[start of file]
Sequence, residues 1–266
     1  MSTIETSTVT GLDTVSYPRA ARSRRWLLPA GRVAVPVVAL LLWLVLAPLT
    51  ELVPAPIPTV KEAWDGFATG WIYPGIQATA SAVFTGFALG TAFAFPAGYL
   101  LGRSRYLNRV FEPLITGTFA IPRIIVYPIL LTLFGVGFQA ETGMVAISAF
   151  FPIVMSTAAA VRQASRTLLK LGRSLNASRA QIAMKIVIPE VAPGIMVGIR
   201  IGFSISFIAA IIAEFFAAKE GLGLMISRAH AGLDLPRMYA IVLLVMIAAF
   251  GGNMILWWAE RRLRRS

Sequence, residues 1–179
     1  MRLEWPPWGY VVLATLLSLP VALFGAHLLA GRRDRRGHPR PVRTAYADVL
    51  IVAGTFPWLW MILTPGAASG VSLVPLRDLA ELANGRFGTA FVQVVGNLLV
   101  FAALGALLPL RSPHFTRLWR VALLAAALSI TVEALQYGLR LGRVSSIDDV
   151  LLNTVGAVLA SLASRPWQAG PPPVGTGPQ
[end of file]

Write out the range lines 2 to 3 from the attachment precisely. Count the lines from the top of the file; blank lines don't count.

     1  MSTIETSTVT GLDTVSYPRA ARSRRWLLPA GRVAVPVVAL LLWLVLAPLT
    51  ELVPAPIPTV KEAWDGFATG WIYPGIQATA SAVFTGFALG TAFAFPAGYL